A down-and-out tries to sell the narrator a watch. He tells of a smuggling scheme involving a theatrical agent, Chris Selby, who made occasional trips to Paris, filling his car with watches on the return leg, and how it was finally exposed.
This turned out to be the most often reprinted of Canning's stories, appearing at least seven times in print and once as a strip cartoon. It is on the reading list of at least one American school syllabus.
Evening Standard, 16 August 1950.
Reprinted in the Evening Standard Detective Book, Second Series, Victor Gollancz, 1951.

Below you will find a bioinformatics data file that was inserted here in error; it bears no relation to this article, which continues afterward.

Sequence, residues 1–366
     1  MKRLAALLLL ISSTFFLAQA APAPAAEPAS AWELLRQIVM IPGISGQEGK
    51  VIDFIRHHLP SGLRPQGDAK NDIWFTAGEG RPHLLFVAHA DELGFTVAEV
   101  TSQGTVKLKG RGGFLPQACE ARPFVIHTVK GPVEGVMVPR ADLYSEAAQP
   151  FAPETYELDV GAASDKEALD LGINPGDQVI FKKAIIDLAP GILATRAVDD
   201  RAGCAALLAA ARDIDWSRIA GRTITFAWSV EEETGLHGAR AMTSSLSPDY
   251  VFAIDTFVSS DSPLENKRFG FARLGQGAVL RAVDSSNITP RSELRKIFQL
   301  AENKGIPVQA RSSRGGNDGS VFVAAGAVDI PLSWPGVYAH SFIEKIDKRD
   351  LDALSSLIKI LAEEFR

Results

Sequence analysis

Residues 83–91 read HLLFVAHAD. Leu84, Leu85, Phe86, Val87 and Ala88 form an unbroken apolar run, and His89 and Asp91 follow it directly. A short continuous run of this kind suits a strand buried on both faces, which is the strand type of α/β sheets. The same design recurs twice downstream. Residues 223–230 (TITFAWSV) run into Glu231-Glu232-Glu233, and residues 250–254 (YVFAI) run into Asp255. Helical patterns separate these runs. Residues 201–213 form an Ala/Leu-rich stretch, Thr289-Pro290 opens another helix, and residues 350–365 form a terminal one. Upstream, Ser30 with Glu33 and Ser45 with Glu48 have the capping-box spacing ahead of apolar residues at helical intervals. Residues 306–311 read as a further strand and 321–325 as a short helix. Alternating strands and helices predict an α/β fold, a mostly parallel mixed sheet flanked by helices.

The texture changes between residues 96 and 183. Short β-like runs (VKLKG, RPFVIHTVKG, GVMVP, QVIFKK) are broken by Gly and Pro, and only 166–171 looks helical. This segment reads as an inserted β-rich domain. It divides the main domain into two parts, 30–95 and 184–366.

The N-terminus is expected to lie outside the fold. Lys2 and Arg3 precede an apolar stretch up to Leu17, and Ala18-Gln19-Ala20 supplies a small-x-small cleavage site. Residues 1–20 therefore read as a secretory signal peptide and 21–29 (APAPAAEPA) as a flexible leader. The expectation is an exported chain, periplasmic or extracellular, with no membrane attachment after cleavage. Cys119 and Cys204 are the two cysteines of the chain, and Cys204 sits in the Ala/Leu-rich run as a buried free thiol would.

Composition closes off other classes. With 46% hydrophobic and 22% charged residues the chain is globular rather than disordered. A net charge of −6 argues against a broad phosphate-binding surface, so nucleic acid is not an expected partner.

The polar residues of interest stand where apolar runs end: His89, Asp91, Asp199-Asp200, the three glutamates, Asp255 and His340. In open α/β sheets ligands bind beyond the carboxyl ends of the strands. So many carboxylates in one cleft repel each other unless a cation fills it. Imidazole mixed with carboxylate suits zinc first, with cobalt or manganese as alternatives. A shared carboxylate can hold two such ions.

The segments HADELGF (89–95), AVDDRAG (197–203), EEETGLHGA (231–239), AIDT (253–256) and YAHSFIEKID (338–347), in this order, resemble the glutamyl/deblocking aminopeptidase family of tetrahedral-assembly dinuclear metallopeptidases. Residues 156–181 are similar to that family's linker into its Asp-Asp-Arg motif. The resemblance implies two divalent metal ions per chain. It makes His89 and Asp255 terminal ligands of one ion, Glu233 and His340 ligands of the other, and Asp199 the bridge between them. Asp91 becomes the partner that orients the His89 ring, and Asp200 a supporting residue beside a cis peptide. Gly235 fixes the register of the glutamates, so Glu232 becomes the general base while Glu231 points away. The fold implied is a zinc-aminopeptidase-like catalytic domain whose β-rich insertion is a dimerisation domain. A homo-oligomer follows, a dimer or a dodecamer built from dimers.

Reprinted as "Timepiece" in Argosy, May 1951.
Reprinted as "A matter of timing". Ellery Queen’s Mystery Magazine, December 1952.
Reprinted in New Liberty (US), January 1953.
Reprinted as "The man who hated time" in This Week's short stories—Fifty masterful stories, ed. Stewart Beach, New York, Random House, 1953.
Reprinted as "The man who hated time" in John Bull and Everybody's, 10 August 1957.
Included in comic strip form in "The Three Riddles", Super Detective Library No 106, 1957.